Wearing purple to note World Elder Abuse
Elder abuse is a real and happening. As a community it is important to be just that — a community! A community is aware of its members-family, friends and neighbors looking out for each other. I once heard that the best burglar alarm is a nosy neighbor. While that makes us laugh — it is really true.
When you are aware-see things, hear things and know or suspect problems- something can be done about it. According to the New York State Office for the Aging, 260,000 older adults are victims of abuse every year. Furthermore, for every one case reported, 23 cases go unreported. These folks suffer in silence and the outcomes can be deadly and disastrous. Some things to look for are in our older adult friends, neighbors and family:
¯ Seems depressed, confused, or withdrawn.
¯ Is isolated from friends and family.
¯ Has unexplained bruises, burns, or scars.
¯ Exhibits poor hygiene or appears underfed, dehydrated, overmedicated or under medicated, or is not receiving needed care for medical problems.
¯ Has bed sores or unexplained injuries
¯ Exhibits recent changes in banking or spending patterns
There are many types of abuse: physical, sexual, emotional, financial, neglect and abandonment. The abuse itself is not always easy to see or hear directly happening. The effects of the abuse may be more detectable if we know what the warning signs are and what to look for and who to report it to.
There is a national non-emergency elder abuse help line and you can call 844-746-6905 if you have concerns and want to talk to someone about that. Services are free and confidential. You can call your local county APS directly at 716-753-4447. You can call the New York state office of children and family services bureau protective services hotline specifically for our older adults at 844-697-3505. Call 9-1-1 if someone is in immediate danger or risk of harm. You can also call NY Connects for more information on these situations. For families and friends of residents in facilities can also consult the Long-Term Care Ombudsman Program, which is available in every region of the state to help residents understand and exercise their rights to quality care. That New York statewide hotline is 1 (855) 582-6769.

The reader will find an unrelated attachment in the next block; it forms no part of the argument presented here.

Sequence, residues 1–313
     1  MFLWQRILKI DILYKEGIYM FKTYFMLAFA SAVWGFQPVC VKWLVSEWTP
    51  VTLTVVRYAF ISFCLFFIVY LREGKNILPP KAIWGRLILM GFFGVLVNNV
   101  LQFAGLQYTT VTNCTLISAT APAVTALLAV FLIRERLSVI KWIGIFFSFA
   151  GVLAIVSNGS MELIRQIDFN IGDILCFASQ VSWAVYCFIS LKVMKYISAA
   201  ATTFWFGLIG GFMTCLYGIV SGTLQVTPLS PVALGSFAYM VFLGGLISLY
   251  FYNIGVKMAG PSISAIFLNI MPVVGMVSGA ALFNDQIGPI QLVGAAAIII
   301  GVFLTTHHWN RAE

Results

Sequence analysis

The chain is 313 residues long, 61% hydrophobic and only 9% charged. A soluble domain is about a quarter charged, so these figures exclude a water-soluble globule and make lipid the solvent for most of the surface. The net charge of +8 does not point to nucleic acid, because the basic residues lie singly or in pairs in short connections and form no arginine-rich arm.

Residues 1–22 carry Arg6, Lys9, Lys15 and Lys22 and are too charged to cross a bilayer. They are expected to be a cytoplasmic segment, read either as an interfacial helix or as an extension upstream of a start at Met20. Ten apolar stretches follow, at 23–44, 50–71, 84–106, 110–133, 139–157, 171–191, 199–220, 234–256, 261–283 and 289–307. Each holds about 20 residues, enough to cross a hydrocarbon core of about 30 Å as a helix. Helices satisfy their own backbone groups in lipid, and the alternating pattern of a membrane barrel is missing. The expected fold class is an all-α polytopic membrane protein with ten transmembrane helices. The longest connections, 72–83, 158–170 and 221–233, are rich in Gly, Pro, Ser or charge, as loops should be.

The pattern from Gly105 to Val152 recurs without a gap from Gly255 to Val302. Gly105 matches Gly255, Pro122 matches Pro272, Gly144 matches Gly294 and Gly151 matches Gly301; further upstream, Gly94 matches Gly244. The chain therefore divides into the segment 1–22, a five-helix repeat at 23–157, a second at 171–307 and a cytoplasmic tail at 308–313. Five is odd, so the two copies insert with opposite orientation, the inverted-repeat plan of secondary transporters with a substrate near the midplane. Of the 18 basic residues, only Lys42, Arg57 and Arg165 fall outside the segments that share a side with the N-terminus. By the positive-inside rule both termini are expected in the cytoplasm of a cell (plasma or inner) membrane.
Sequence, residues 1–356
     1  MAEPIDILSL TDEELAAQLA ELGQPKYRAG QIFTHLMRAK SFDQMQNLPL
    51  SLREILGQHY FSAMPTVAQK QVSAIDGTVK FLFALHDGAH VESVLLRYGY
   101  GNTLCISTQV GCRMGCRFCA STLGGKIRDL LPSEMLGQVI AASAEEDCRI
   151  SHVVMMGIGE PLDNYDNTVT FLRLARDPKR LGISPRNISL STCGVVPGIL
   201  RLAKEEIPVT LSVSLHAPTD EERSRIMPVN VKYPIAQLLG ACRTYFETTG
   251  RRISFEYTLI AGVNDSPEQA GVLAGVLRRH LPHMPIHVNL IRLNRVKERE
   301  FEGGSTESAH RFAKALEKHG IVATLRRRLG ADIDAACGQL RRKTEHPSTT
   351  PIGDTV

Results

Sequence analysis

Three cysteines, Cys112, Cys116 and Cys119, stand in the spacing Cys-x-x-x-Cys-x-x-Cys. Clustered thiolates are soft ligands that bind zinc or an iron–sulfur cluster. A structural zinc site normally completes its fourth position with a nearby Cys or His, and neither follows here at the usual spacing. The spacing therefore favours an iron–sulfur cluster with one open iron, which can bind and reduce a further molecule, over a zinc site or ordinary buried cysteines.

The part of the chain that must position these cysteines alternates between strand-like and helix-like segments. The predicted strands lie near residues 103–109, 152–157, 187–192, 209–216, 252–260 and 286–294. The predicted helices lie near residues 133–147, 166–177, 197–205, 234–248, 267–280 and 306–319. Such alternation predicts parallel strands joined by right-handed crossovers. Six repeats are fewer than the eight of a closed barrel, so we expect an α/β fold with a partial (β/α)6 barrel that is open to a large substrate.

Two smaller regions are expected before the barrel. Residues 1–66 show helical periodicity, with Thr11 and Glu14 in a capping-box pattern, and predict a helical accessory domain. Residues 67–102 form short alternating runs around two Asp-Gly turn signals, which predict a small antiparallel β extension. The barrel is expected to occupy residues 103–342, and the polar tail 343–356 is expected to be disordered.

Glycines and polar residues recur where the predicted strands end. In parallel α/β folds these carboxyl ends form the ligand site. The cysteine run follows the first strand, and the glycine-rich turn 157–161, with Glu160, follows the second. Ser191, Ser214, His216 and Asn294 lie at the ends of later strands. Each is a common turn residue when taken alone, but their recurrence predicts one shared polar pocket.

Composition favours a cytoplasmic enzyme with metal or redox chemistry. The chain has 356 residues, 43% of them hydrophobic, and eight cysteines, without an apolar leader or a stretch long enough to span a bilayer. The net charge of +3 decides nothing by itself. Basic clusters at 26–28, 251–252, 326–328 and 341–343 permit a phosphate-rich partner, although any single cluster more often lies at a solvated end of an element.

One of the ways you can help is to talk about this with others and wear the color purple on June 15 2022. Share your picture on social media and let people know what it is all about. #elderjustice #elderabuse #WEAAD #WEAAD2022 #ElderAbusePrevention.
Add a bit of information like: Today you’ll see me wearing purple for World Elder Abuse Awareness Day. It’s my way of reminding friends and loved ones: If you see something, say something. Talk about elder abuse with a loved one. Help advocate for our most vulnerable today. Learn more at https://aging.ny.gov/programs/elder-abuse.
Or this: Elder abuse is more common than many people think. Today I am wearing purple to help raise awareness of this hidden tragedy. 1 in 10 older adults are likely to become a victim of elder abuse. It’s everyone’s concern: yours, mine, our community’s. Learn more and act today. Talk to a loved one, stay in touch, watch for the signs. Learn more at https://aging.ny.gov/programs/elder-abuse.
The Chautauqua County NY Connects program can provide Information and Assistance on available long-term services and supports options to individuals of all ages with disabilities, and caregivers. Information and Assistance is available in various ways including telephone access, face-to-face meetings in the community, or email. NY Connects can accessed through its statewide telephone number (800-342-9871), which connects callers with local offices by county. There is an online resource tool called the NY Connects Resource directory as well at www.nyconnects.ny.gov. There are NY Connects programs located with the Office for Aging Services (OFAS) and the Southwestern Independent Living Center (SILC). You can reach NY Connects by phone: 716-753-4582, email: email@example.com Southwestern Independent Living NY Connects at 716-661-3010 or 716-490-7561. We are here for you and can connect you to assistance.